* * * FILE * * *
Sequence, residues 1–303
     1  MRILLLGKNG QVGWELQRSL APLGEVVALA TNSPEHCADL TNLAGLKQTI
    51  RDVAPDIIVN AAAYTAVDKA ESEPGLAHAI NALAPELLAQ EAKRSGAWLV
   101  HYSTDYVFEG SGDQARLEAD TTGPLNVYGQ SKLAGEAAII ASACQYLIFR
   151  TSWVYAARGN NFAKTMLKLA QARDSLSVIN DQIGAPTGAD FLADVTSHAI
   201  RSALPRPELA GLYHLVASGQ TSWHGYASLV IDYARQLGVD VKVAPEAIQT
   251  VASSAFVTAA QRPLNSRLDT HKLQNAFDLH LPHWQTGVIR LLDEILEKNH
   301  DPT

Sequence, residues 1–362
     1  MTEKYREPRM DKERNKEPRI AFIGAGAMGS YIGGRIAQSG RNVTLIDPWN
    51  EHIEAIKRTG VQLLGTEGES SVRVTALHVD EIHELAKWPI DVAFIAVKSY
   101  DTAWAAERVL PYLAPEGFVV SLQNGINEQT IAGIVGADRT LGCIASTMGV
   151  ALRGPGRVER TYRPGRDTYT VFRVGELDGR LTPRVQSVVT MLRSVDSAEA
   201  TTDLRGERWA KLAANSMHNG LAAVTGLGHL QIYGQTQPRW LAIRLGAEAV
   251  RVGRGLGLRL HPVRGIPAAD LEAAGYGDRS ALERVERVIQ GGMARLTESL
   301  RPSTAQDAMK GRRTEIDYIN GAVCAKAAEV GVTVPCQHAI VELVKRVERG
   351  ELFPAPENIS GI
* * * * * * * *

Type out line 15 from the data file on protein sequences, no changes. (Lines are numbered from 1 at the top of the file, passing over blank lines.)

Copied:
   251  RVGRGLGLRL HPVRGIPAAD LEAAGYGDRS ALERVERVIQ GGMARLTESL